Chairman Clayton’s remarks indicate that the SEC is focused on disclosure to SPAC stockholders at the time of the business combination, but he did not draw a distinction between disclosure at the time of the redemption election and disclosure at the time of the vote.  The decision whether to elect redemption is actually the more important decision for investors.  Stockholder approval of business combinations has become a fait accompli because investors can vote “yes” on the transaction but still exercise redemption rights, and redeeming stockholders are incentivized to vote “yes” so that the deal closes and the warrants have value.

The level of redemptions and whether the issuer has waived any material conditions to closing, such as the minimum cash condition or the condition that the company remain listed, all impact the post-closing capital structure and are material to an investor’s decision whether to remain a stockholder.  However, the amount of redemptions is not known until after the redemption deadline.  Whether the disclosure in the proxy statement of the range of redemption scenarios and the risk factor discussion of the attendant risks (e.g. lack of liquidity and potential delisting) is sufficient depends on the facts and circumstances of the transaction and whether the SPAC expects that its pro forma capital structure will deviate materially from the downside scenarios disclosed in the proxy statement.

Interestingly, the SEC has always treated the redemption process as an ancillary part of the proxy voting process.  Prior generations of SPACs tied the voting decision and the redemption decision together.  Stockholder who voted against the business combination could elect redemption by checking a box on their proxy card.  As long as SPAC stockholders are voting on the business combination and the redemption is made in connection with the distribution of a proxy statement, the SEC treats the SPAC’s purchase of its shares as a redemption in accordance with the SPAC’s charter rather than as an issuer tender offer.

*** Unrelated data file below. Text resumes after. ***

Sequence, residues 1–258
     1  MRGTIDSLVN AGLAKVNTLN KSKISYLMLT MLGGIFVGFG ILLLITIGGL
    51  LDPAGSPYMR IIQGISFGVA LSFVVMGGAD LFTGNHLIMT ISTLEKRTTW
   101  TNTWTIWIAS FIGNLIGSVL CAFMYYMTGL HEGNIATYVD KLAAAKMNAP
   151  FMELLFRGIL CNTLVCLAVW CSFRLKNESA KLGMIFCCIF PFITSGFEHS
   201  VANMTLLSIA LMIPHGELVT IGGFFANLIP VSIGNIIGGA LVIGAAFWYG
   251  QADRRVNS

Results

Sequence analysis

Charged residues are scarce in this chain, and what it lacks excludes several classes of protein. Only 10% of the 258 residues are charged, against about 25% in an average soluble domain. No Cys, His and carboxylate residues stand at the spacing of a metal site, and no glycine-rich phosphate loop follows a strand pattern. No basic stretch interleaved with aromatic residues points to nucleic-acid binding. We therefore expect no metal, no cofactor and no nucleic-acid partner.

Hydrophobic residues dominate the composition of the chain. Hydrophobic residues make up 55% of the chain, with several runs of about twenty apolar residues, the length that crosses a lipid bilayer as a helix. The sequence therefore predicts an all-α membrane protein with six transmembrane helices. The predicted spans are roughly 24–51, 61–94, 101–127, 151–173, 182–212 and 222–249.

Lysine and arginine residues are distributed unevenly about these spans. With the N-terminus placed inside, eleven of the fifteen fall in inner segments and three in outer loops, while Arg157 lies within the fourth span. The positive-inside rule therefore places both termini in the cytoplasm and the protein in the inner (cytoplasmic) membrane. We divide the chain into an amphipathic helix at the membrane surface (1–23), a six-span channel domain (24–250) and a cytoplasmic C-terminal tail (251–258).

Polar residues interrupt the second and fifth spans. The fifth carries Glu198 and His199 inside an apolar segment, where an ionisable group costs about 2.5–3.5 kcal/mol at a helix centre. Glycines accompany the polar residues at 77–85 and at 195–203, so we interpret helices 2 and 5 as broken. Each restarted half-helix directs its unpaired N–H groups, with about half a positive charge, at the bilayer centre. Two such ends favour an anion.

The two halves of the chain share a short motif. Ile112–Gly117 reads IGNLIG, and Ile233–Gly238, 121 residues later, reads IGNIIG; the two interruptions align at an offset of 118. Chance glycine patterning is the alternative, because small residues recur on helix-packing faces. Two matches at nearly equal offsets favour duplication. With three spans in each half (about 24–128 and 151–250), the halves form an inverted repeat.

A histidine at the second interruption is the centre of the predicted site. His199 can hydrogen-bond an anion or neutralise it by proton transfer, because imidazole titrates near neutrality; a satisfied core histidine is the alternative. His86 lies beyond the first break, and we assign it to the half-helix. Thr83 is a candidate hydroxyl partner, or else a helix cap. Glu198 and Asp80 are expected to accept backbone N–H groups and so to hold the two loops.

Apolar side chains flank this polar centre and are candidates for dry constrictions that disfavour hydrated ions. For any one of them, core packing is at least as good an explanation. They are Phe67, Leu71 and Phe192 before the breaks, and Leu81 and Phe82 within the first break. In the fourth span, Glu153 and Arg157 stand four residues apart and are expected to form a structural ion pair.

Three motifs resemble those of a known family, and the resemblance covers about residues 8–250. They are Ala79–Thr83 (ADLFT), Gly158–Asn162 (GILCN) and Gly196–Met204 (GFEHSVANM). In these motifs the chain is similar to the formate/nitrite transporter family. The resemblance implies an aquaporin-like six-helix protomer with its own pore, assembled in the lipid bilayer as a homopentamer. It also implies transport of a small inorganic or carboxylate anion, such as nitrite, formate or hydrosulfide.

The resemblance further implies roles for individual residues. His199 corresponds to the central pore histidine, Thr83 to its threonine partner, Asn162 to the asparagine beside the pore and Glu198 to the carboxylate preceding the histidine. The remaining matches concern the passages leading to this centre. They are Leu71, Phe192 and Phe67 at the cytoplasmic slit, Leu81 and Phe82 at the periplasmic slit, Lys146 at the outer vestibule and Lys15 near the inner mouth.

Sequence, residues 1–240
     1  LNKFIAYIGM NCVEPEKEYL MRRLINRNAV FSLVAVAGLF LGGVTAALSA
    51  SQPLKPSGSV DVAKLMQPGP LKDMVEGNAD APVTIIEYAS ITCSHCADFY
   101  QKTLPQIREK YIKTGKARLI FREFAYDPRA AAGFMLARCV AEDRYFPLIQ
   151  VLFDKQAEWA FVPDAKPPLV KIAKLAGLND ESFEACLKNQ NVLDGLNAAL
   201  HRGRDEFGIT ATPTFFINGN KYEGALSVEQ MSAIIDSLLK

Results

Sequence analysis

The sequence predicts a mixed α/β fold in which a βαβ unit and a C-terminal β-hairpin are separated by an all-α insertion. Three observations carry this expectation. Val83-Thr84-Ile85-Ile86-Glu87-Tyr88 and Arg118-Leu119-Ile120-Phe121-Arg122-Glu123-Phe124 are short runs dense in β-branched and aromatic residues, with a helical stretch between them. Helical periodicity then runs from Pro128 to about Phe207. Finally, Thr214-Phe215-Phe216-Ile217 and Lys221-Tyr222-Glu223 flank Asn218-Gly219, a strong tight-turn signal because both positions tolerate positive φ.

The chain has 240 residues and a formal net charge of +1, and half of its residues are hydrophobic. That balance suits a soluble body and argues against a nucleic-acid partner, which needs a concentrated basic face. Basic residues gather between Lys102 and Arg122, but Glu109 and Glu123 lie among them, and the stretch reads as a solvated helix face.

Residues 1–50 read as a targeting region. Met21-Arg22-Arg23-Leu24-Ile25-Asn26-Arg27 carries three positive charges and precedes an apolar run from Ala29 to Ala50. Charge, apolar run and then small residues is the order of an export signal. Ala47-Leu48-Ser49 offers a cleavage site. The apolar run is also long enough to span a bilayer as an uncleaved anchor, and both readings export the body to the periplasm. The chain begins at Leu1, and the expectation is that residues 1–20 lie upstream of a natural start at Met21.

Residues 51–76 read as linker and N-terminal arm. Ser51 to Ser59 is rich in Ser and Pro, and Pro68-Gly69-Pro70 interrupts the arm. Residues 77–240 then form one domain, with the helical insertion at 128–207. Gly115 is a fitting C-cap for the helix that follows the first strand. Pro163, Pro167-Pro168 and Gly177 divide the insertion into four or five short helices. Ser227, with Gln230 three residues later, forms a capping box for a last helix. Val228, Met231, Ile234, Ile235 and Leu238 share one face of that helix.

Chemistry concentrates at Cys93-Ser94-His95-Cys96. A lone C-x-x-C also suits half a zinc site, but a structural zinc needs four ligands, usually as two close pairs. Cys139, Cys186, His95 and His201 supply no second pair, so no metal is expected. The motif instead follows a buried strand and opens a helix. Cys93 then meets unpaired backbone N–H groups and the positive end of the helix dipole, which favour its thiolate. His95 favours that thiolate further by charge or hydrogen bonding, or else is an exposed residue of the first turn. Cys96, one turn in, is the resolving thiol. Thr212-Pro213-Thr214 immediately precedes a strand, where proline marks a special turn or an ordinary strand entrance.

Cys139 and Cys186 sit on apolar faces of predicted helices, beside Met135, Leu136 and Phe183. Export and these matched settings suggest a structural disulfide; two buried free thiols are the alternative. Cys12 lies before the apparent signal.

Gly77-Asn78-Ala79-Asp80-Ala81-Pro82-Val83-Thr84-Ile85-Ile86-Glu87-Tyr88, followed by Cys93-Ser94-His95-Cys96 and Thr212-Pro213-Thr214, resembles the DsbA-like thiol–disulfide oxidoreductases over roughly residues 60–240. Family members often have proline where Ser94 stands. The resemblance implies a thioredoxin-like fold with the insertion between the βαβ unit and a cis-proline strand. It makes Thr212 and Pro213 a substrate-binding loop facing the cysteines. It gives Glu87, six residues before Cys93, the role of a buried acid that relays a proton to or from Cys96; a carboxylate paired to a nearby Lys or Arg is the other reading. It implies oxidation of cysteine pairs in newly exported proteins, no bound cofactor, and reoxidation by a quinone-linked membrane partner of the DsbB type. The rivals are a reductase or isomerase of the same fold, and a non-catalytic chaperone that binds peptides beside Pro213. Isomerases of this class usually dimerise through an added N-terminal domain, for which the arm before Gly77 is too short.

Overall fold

Because the redemption of shares in connection with a meeting is not an issuer tender offer, the procedural protections available to stockholders in a tender offer do not apply.  For example, in a tender offer, in the event of a material change to the offer terms, the offeror must provide updated disclosure and extend the offer period, the offeror cannot purchase shares or arrange for the purchase of shares outside of the tender offer and, if extending the offer period, the offeror must disclose the number of shares that have been tendered to date.  Notwithstanding the fact that these procedural rules do not apply, SPACs should ensure that investors have all material information necessary to decide whether to elect redemption.

Now that SPACs have become a path of choice to the public markets and retail investors are increasingly taking an interest in SPACs, it is not surprising that the SEC is looking more closely at SPAC disclosure practices.  SPAC transactions have never fit neatly into the SEC’s rules because they are a mix of business combination, initial public offering and tender offer.  The SEC will undoubtedly re-examine the way in which it has applied its disclosure rules to SPACs and whether additional protections are needed to ensure stockholders have all material information at all three relevant points—in connection with the IPO, the exercise of redemption rights and voting on the business combination.

*Carol Anne Huff is a partner at Winston & Strawn and regularly advises clients on transactions involving special purpose acquisition companies.